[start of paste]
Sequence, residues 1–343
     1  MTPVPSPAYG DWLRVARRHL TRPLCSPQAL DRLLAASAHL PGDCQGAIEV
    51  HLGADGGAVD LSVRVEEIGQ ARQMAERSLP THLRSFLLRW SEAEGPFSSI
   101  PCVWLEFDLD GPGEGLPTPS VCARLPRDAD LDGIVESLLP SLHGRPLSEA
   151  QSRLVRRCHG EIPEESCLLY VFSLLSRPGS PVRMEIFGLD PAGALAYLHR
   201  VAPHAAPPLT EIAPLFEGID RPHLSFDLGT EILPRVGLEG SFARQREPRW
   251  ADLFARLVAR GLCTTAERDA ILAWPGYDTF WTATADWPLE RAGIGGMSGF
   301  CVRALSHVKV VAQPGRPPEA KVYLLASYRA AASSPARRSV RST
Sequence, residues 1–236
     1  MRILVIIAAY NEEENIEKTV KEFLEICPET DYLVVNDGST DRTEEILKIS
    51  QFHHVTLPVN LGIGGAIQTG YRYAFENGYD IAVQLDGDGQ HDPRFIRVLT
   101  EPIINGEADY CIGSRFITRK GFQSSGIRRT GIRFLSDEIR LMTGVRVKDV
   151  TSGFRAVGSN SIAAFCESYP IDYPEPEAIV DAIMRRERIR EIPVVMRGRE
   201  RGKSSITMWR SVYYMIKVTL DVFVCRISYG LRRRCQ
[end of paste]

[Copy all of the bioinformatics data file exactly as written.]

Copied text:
Sequence, residues 1–343
     1  MTPVPSPAYG DWLRVARRHL TRPLCSPQAL DRLLAASAHL PGDCQGAIEV
    51  HLGADGGAVD LSVRVEEIGQ ARQMAERSLP THLRSFLLRW SEAEGPFSSI
   101  PCVWLEFDLD GPGEGLPTPS VCARLPRDAD LDGIVESLLP SLHGRPLSEA
   151  QSRLVRRCHG EIPEESCLLY VFSLLSRPGS PVRMEIFGLD PAGALAYLHR
   201  VAPHAAPPLT EIAPLFEGID RPHLSFDLGT EILPRVGLEG SFARQREPRW
   251  ADLFARLVAR GLCTTAERDA ILAWPGYDTF WTATADWPLE RAGIGGMSGF
   301  CVRALSHVKV VAQPGRPPEA KVYLLASYRA AASSPARRSV RST
Sequence, residues 1–236
     1  MRILVIIAAY NEEENIEKTV KEFLEICPET DYLVVNDGST DRTEEILKIS
    51  QFHHVTLPVN LGIGGAIQTG YRYAFENGYD IAVQLDGDGQ HDPRFIRVLT
   101  EPIINGEADY CIGSRFITRK GFQSSGIRRT GIRFLSDEIR LMTGVRVKDV
   151  TSGFRAVGSN SIAAFCESYP IDYPEPEAIV DAIMRRERIR EIPVVMRGRE
   201  RGKSSITMWR SVYYMIKVTL DVFVCRISYG LRRRCQ